At this year’s Oculus Connect 5, Oculus CTO John Carmack took to the stage with a rather bold statement, saying that he sees the Nintendo Switch as the main competition for the Oculus Quest.
“Realistically, we are going to wind up competing with the Nintendo Switch as a device,” Carmack said. “I don’t think there’s going to be that many people that say “I’m not going to buy a PS4, I’m going to buy a Quest instead””.
Considering the Switch has sold over 20 million units in its relatively short lifespan, it begs the question; could the Oculus Quest actually compete with the Nintendo Switch? Let’s explore the possibilities…
Is the Oculus Quest a Console or a Mobile Gaming Device?
The Nintendo Switch can’t really belong in one single camp. With its docking station peripheral, it is certainly a console machine, but whilst undocked it’s also a mobile handheld device. The Oculus Quest, which releases in Spring 2019, is touted as a mobile gaming device by its Oculus CTO, not a console.
So it will certainly be competing in the mobile gaming space, but that same space is very occupied by Apple and its iPhone platform, which you could say has a much greater audience and a vast game library since its released its App Store in 2008.
You can’t really compare Nintendo’s handheld console against a Oculus’ mobile VR device, however the act of just playing games on them pull them both back on a level competing stage.
Has Carmack chosen to reach for the low hanging fruit though by putting the Quest in the same ballpark as the Switch, instead of choosing Microsoft’s Xbox or Sony’s PlayStation? We have to look at what sells consoles… its games.
Games Sells Consoles
There is a heavy amount of weight cast on the Oculus Quest as being a gaming platform, and that’s great – for gamers. So let’s look at the games on both platforms.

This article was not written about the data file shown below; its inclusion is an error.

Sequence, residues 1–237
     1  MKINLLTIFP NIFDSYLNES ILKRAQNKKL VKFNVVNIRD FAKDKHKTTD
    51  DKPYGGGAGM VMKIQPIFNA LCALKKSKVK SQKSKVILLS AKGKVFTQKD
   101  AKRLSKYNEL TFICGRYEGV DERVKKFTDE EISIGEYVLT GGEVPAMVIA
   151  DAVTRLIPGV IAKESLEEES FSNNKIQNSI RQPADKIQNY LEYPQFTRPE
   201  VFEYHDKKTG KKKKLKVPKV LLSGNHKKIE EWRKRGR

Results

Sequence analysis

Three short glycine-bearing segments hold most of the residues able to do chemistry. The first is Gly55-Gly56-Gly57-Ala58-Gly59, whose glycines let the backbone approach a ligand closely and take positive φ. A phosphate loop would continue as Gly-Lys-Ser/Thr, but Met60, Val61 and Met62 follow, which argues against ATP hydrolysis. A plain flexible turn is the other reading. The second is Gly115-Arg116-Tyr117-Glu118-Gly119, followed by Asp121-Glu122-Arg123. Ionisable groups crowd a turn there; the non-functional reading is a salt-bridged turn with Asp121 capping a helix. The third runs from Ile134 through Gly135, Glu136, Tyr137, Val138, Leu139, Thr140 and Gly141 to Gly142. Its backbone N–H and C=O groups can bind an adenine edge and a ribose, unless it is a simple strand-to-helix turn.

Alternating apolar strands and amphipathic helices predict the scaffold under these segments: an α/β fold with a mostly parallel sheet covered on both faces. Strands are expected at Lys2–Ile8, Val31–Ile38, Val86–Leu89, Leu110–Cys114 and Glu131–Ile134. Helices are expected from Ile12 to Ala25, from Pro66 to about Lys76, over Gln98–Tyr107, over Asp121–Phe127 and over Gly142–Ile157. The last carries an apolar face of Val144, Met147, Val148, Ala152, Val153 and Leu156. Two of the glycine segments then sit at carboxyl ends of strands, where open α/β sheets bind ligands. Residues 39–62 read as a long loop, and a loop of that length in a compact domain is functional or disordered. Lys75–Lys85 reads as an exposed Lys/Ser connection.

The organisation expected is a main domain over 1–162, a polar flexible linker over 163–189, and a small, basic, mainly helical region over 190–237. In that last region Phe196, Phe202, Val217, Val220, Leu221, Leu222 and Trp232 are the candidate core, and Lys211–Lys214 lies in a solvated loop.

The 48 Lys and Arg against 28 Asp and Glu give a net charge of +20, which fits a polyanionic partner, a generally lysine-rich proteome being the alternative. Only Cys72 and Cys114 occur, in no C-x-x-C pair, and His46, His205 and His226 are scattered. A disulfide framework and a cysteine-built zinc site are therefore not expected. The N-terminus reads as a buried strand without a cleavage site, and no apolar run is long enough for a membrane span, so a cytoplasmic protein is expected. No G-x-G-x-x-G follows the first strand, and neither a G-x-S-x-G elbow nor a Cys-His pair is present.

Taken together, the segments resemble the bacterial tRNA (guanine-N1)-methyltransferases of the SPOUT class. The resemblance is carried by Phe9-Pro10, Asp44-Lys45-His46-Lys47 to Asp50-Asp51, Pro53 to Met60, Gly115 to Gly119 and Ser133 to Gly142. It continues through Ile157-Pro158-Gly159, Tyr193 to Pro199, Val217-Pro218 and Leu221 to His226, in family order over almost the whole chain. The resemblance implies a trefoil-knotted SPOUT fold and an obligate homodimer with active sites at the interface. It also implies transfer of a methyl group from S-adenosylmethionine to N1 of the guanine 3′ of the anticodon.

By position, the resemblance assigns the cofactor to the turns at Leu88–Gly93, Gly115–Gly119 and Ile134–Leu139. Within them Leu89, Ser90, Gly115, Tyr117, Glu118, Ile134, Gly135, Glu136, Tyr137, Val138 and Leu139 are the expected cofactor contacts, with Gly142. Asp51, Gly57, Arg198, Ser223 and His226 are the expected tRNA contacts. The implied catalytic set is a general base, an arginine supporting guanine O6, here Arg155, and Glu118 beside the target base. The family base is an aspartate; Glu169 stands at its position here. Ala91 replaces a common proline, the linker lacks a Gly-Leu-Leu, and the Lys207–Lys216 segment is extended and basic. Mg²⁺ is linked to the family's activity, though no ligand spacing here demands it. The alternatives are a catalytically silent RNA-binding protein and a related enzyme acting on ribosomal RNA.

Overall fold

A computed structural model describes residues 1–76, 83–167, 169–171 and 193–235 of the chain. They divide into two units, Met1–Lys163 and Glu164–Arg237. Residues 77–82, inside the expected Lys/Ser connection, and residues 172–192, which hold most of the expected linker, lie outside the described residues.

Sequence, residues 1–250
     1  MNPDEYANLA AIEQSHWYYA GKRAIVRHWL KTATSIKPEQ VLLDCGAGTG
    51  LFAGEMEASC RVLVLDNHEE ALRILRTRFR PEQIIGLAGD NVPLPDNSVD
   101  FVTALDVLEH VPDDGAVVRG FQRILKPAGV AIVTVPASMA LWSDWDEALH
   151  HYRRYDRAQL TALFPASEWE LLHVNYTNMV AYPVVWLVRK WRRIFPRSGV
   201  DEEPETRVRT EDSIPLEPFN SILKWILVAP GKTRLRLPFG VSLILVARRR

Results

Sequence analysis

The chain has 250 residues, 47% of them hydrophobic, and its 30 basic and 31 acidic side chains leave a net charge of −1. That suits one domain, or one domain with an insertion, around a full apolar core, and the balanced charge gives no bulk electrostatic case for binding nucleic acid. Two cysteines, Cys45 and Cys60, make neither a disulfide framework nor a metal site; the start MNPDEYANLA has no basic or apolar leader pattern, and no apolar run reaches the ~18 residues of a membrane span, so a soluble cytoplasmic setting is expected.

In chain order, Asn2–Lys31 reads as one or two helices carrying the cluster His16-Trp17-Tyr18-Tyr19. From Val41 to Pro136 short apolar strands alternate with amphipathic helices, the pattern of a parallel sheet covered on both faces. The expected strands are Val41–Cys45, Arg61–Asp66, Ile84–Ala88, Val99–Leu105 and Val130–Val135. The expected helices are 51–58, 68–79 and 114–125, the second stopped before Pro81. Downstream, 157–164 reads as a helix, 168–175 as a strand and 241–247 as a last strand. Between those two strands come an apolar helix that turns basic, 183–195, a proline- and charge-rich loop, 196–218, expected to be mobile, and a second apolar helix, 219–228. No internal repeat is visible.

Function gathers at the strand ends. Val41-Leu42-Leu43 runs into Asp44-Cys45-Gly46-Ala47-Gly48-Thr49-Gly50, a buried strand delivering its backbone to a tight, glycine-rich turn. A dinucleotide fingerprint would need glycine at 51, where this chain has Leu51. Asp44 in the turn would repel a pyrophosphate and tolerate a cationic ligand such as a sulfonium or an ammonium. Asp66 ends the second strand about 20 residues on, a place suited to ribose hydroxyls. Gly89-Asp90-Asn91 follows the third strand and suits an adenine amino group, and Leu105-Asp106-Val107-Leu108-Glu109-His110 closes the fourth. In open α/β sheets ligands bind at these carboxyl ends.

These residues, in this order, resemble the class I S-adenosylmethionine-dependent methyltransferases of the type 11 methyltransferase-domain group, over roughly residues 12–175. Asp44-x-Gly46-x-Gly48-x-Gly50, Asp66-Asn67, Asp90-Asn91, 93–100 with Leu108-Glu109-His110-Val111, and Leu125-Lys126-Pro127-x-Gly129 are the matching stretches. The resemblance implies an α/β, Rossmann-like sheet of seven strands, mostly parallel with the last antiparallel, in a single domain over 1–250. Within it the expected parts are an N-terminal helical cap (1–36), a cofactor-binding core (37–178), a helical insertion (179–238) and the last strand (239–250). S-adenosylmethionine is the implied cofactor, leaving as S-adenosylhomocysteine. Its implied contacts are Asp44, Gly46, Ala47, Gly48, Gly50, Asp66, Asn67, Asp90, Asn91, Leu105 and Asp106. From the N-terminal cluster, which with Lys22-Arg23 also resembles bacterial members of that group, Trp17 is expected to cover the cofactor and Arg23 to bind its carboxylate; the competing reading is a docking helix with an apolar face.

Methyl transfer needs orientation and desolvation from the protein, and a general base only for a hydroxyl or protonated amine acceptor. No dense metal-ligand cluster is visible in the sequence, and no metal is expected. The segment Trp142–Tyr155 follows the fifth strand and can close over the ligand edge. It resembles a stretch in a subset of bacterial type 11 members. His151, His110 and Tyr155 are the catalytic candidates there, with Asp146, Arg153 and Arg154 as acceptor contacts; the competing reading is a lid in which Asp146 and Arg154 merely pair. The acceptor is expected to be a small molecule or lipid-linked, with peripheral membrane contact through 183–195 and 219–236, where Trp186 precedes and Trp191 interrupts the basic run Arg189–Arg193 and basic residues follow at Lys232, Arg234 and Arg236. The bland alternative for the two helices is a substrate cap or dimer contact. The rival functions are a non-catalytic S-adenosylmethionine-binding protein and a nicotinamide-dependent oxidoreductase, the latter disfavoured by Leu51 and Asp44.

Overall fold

Nintendo Switch currently has 1238 games listed on Wikipedia. Some are TBA, but that’s a good enough figure to go with for now. The Quest has yet to release its hardware, so it’s not a great comparison at the moment. But with 50 launch games expected, and a library of 2453 Oculus Rift titles listed on Steam alone (of which say 50% could be ported) we are already smashing through Nintendo’s total library of titles.
Games sells consoles, and if you’re any fan of Mario and other big Nintendo first-party games, then you are likely to have already purchased your Nintendo Switch. For Oculus and its upcoming hardware however, having that killer title couldn’t be any more crucial to selling headsets during its launch next Spring.
If 50 titles actually do make it at launch, at least a handful of those need to be jaw-dropping, gun-tooting blockbusters of the VR world. We need to see The Climb, Moss, Robo Recall, Beat Saber and the like, all poised for downloading and playing on the Oculus Quest at launch. Thankfully, all but 1 of those mentioned have been confirmed as launch titles for the Quest next Spring, so Oculus is already on to a good library of games for launch at least.
When you’re gaming on the move, battery life is pretty important. When used as a handheld, the Nintendo Switch lasts for around 2.5-3 solid hours of gaming, or up to 6 hours of battery life when used between applications and games.